Are you showing and talking to the right customers who really want what you create and sell, who can afford it and are happy to spend right now?

Response 7: Ask yourself: ‘Are you selling in the right place, to the right people?’

Pricing your products or services isn’t easy, because it often comes down to where you want to position yourself.

Pricing is relative – what might be perceived ‘expensive’ in one place, isn’t in another place (especially true online when you sell on marketplaces such as Etsy or online boutiques, but also at craft markets were people try to haggle more often than in shops or at craft fairs.)

So, if you are considered to be too expensive then do more research into where your peers are showing and selling, what their price levels are and start showing in places more suitable for your pricing and positioning.

Response 8: Tell yourself: ‘If your clients never tell you that you are too expensive, then you are probably too cheap.’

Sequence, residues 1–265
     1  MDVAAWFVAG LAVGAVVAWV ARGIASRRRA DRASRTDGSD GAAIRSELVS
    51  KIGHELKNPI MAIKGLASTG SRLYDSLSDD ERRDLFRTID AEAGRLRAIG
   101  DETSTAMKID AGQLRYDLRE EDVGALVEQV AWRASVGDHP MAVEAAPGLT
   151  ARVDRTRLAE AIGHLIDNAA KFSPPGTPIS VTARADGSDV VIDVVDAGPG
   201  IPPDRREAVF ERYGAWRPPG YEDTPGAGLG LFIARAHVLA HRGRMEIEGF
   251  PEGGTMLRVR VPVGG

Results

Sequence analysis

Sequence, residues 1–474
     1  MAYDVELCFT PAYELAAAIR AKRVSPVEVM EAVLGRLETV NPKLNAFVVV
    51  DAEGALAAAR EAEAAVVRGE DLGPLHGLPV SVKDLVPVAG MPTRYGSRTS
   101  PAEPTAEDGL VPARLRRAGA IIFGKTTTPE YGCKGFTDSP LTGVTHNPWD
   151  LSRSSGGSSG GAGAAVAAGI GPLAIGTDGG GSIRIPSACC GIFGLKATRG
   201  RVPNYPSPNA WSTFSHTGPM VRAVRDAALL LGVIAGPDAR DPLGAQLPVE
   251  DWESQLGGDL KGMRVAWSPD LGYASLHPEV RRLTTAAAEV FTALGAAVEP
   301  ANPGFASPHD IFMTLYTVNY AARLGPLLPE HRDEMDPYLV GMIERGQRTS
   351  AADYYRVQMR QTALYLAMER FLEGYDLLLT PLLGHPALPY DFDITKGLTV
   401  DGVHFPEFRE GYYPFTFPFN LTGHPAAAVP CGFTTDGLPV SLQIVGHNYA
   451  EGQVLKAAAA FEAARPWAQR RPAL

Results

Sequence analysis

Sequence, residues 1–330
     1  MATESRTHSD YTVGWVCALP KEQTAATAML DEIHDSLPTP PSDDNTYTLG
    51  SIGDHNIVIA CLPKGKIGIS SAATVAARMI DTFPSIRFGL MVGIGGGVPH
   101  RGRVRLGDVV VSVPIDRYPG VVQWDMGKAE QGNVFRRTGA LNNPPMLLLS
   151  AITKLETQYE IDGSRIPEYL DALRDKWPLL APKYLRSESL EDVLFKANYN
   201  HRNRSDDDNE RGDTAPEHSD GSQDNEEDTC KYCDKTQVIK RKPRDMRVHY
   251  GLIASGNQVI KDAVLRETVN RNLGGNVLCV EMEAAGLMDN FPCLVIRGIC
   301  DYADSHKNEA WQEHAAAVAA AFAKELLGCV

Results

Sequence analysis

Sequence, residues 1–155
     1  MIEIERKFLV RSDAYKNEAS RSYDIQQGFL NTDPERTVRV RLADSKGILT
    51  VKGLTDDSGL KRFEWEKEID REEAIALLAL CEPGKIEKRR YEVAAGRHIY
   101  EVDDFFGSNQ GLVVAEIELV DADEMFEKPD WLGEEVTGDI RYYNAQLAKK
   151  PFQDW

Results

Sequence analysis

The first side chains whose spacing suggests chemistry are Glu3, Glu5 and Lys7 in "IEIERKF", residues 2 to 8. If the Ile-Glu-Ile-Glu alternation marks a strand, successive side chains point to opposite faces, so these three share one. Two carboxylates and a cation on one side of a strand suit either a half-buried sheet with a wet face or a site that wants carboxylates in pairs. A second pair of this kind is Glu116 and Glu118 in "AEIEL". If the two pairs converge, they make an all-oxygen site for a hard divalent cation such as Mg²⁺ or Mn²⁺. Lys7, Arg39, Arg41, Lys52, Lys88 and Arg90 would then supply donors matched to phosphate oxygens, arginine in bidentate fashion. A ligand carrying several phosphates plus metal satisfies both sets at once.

I got this advice a couple of years ago and realised it’s very true.

Be prepared for a little bit of negotiating, especially when dealing with trade buyers, as it’s part of the game. It’s nothing personal, it’s how some people do business.

And … start showing your work in places where people appreciate your creative work and talent! What is expensive in one place might not be elsewhere!

How do you (honestly!) respond when people tell you that your creative products or services are too expensive? What will you do (or stop doing!) next time a client thinks you are too expensive? We would love to hear from you in the comments box below.

One Response to “What to do if your client thinks you are too expensive? 8 ways to respond”

  1. […] Are you communicating the true value of your skills and talents to your clients and galleries? Are you presenting your work in the best possible way – online, at events, on social media? Have you lowered your price because the gallery asked you to, or did you do that because you were worried they wouldn’t buy from you? You might like to read here my popular post on what to do when clients think you are too expensive. […]